The rise of the Internet of Things (IoT) has most people thinking about connected fridges, self-driving cars, and smart homes. However, there are many IoT devices that have been in operation for years that are overlooked by business users and organisations when it comes to cybersecurity. One of these is the multifunction printer (MFP).
MFPs remain useful in many businesses despite the increasing prevalence of digital-only communications. They are so ubiquitous that they can become all but invisible to users and IT departments. This is concerning because MFPs are connected devices, which means they present an endpoint that can be exploited by cybercriminals. That is, unless they’re secured properly.
How MFPs pose a risk
As people return to offices and other workplaces, MFPs are likely to see increased use. Unsecured or poorly secured devices can provide a front door into the organisation’s network. Once a cybercriminal has access to the MFP, they can proliferate throughout the network and cause considerable damage.
There are four ways that MFPs pose a security risk within a business:
The greatest risk MFPs pose is to information security. Malicious actors can exfiltrate information by accessing the data and documents being sent to and from the MFP, including scans, photocopies, and emails. Even if the organisation has strict data governance rules in place, if the MFP is overlooked then the company will be open to a data breach.
This risk is far from theoretical. Quocirca reported that 59 per cent of businesses reported a print-related data loss in 2021.
How to reduce the risk
Just like any other connected device, it’s important to ensure that your MFP is protected against cyberbreaches. This starts with ensuring you are running any vendor recommended device firmware and protecting the device with a strong, unique password.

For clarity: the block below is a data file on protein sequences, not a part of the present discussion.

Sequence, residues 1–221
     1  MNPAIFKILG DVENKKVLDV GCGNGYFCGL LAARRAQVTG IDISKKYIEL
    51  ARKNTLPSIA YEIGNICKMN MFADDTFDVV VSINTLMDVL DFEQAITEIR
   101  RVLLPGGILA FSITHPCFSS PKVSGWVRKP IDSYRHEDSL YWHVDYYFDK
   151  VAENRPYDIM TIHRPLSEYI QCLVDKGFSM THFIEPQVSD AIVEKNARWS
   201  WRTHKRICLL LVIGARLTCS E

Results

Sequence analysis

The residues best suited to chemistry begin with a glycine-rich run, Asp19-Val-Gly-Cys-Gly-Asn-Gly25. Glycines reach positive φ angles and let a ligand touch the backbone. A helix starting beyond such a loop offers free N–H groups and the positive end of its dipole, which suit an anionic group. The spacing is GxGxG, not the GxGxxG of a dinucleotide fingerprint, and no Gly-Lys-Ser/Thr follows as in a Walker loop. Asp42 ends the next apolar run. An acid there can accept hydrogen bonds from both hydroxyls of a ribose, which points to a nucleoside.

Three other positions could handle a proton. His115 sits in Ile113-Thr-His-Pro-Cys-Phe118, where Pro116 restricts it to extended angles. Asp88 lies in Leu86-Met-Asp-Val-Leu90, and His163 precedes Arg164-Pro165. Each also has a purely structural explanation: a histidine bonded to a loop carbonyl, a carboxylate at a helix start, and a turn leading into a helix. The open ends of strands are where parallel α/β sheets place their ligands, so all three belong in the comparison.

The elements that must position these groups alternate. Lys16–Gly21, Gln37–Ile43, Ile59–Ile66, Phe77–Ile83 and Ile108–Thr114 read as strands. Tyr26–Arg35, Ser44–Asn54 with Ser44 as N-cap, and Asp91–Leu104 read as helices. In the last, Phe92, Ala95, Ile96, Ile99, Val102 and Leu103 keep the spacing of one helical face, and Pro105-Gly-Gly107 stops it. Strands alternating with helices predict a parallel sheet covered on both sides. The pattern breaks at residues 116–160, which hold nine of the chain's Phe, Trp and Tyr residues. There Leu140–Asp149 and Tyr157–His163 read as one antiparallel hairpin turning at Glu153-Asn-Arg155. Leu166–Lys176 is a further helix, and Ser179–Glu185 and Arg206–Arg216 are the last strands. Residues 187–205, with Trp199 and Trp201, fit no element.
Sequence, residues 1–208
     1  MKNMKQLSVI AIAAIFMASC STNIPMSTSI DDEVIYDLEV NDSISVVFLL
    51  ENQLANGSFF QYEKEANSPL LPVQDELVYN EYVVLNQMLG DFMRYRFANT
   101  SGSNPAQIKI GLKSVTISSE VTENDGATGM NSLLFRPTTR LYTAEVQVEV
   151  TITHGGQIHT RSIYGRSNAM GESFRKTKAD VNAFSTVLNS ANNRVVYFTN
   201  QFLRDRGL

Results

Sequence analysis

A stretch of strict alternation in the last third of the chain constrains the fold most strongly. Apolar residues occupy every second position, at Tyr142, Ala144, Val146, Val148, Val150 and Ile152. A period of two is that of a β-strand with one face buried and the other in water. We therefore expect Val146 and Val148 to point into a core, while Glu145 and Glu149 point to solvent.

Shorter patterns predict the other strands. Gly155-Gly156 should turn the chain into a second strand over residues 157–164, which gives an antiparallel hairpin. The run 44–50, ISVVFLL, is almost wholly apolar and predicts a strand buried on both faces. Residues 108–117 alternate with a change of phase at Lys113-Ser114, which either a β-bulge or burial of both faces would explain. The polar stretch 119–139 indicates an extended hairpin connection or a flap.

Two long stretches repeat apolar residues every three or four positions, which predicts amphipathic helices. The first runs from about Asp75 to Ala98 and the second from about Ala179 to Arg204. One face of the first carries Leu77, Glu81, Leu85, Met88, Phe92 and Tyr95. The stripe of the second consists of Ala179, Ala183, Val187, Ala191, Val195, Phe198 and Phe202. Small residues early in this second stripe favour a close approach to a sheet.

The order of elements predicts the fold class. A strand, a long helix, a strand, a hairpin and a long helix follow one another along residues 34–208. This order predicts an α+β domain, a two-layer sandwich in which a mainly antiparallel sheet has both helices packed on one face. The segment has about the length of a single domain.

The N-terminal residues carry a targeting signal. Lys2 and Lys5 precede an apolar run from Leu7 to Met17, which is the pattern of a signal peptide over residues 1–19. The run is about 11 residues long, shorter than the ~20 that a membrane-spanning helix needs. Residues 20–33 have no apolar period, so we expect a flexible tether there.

MFPs can store data, including inputs from scan, fax, and copy, and outputs from print and copy. Many organisations are unaware of this and, as a result, don’t act to secure that data. It’s important to ensure that sensitive data is automatically deleted and that storage drives are wiped or destroyed before the MFP is disposed of.
Before purchasing MFPs, businesses should ask the vendor what security measures they can provide. For example, MFP vendors should be able to deliver an encrypted storage drive, automate file deletion, automate the configuration of the machine for optimal security, and provide password protection. Also consider if your vendor can offer any virus or malware detection that can run on your MFP. It can also be useful to place a sticker on the machine that alerts workers to the security measures in place, as this can deter users who were considering conducting a data breach.
When the MFPs reach end-of-life, the vendor should return the storage drive to your business so that you can destroy it or otherwise manage it according to your security policies.
As more workers return to the office, the pressure on the humble MFP is likely to increase. Businesses should review their security measures sooner rather than later to ensure their MFPs are protected and updated. Failing to do so could result in a costly data breach.
Konica Minolta helps businesses of all sizes keep their data safe through its bizhub secure offering. To find out how we can help improve your business’s MFP security, contact the team today.